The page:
The gain reference signal G1 and the gain variation signal ΔG(t,f) are input to the summation module 230 and are combined to generate a gain calibration signal G. The gain calibration signal G is then input to the gain control conditioning module 240 to generate a gain control signal x. The gain control conditioning module 240 may, for example, perform typical signal conditioning functions, such as changing the data format, data value re-mapping, changing the data rate, or other signal conditioning functions. The gain control signal x is converted from the digital domain to the analog domain by the digital-to-analog converter 250 and is smoothed by low pass filter (LPF) 260 to produce the control signal y for the variable amplifier 210.

FIG. 3 shows an example two-dimensional (NM) data array 300 for a two-dimensional mapping module 290. A two-dimensional mapping module incorporating the example NM data array 300 may, for example, be utilized as the gain calibration module 290 of FIG. 2.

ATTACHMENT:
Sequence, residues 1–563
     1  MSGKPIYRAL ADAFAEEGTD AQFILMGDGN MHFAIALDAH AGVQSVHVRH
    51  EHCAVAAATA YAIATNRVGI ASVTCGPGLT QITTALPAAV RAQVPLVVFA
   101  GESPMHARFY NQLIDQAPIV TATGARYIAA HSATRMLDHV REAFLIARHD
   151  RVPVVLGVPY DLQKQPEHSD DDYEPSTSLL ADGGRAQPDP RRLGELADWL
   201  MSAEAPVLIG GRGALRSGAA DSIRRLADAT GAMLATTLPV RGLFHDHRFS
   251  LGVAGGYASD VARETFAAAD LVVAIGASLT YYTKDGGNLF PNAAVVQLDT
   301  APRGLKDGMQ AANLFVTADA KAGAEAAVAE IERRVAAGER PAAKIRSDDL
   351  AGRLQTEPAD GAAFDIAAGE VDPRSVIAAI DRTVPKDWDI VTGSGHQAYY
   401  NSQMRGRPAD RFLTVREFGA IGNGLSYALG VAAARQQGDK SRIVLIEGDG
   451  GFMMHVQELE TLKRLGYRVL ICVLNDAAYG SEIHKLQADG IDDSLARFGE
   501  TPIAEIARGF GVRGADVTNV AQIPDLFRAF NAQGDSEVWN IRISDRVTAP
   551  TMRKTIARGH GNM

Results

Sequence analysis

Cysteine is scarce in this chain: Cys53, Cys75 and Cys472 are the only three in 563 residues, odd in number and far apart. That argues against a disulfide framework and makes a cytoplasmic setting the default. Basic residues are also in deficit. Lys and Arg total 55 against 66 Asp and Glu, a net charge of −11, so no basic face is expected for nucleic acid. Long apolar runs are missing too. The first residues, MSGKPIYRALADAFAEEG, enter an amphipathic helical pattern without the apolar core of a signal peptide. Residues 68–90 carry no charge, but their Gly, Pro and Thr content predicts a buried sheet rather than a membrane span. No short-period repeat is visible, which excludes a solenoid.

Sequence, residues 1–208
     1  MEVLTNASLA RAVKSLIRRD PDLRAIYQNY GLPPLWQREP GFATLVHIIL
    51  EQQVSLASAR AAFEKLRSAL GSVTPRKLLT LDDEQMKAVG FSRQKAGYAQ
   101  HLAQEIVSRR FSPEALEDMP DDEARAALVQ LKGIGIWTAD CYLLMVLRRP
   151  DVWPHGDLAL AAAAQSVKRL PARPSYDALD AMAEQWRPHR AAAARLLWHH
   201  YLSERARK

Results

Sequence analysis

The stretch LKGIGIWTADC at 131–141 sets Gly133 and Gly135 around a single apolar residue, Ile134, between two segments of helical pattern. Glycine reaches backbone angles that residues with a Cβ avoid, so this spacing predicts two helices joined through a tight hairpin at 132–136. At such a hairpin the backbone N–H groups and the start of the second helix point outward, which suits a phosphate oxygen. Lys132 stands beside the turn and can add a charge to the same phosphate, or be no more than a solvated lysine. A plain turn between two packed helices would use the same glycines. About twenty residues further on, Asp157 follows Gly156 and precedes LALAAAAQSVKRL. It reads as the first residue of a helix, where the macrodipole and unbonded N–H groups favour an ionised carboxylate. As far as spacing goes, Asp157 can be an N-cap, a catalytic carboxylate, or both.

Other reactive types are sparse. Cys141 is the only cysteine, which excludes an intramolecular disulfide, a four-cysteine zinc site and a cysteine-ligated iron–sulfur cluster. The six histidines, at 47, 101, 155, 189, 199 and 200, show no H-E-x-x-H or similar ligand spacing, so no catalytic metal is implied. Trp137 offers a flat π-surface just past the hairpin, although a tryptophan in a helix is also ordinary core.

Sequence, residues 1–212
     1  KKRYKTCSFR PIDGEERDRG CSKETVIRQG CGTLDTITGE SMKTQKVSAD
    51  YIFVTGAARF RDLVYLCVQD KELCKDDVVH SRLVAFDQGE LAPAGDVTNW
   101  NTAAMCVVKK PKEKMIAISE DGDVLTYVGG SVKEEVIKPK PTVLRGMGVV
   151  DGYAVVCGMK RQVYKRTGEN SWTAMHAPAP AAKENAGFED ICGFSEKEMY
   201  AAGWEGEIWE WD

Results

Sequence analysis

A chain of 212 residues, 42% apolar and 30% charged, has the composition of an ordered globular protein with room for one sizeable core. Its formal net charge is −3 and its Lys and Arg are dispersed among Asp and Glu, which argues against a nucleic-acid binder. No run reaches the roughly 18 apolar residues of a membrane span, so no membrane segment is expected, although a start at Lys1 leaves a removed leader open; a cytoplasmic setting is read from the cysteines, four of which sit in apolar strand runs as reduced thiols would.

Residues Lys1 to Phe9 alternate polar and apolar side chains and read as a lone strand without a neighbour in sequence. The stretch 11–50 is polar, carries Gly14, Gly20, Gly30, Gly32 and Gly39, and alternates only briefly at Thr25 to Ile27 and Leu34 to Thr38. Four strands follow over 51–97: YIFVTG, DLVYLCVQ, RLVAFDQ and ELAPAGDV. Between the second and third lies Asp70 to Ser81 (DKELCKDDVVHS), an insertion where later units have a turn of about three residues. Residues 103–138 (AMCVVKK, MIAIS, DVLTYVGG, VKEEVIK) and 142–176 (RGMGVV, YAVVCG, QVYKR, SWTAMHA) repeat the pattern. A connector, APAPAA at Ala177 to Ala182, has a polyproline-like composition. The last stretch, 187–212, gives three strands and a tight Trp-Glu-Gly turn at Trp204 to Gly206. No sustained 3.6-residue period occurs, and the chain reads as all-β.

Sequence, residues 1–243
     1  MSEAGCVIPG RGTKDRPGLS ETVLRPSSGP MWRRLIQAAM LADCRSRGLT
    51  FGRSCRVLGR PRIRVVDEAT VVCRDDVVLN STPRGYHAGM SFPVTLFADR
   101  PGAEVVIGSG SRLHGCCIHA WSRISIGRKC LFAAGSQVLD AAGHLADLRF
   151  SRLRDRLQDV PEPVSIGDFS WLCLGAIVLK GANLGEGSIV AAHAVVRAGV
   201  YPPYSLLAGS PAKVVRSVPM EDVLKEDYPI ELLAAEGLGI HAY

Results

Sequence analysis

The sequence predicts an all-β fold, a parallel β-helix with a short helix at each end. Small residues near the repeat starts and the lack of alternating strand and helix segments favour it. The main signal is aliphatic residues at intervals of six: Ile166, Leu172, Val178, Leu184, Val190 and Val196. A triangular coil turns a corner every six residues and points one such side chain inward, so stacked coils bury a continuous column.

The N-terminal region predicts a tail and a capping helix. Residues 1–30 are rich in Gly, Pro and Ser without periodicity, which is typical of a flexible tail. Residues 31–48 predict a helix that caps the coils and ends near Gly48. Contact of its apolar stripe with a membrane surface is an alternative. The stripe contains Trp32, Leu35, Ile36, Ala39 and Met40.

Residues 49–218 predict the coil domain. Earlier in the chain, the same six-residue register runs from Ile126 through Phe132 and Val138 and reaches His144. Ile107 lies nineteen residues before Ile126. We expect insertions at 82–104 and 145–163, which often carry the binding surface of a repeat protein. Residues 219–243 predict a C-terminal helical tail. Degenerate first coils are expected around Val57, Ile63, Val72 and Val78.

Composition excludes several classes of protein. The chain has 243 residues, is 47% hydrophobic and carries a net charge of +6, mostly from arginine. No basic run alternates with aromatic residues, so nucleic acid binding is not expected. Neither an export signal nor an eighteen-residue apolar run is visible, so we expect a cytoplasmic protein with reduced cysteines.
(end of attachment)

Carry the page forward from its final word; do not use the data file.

The two-dimensional (NM) data array 300 includes N elements in a first dimension (variable 1) and M elements in a second dimension (variable 2). For the purposes of the two-dimensional mapping module 290 described herein, one of the variables represents operating frequency (f) and the other variable represents operating temperature (t). Each of the NM elements store a gain variation value ΔG(t,f) corresponding to a discrete operating temperature (t) and a discrete operating frequency (f).

In operation, if the operating temperature (t) and operating frequency (f) inputs to the two-dimensional mapping module 290 respectively correspond to a discrete temperature and a frequency values included in the two-dimension (NM) data array 300, then the gain variation value ΔG(t, f) may be selected directly from the NM data array 300. Else, if one or both of the operating temperature (t) and operating frequency (f) inputs has a value that is between the discrete values represented in the NM array 300, then interpolation may be used to determine the gain variation output value ΔG(t, f). Alternatively, the operating temperature (t) and operating frequency (f) inputs could be rounded to the nearest values represented in the NM array in order to select a gain variation ΔG(t, f). In addition, the discrete frequency values represented in the NM array 300 may, for example, be chosen to correspond to the designated operating frequencies for each of the available wireless communication channels.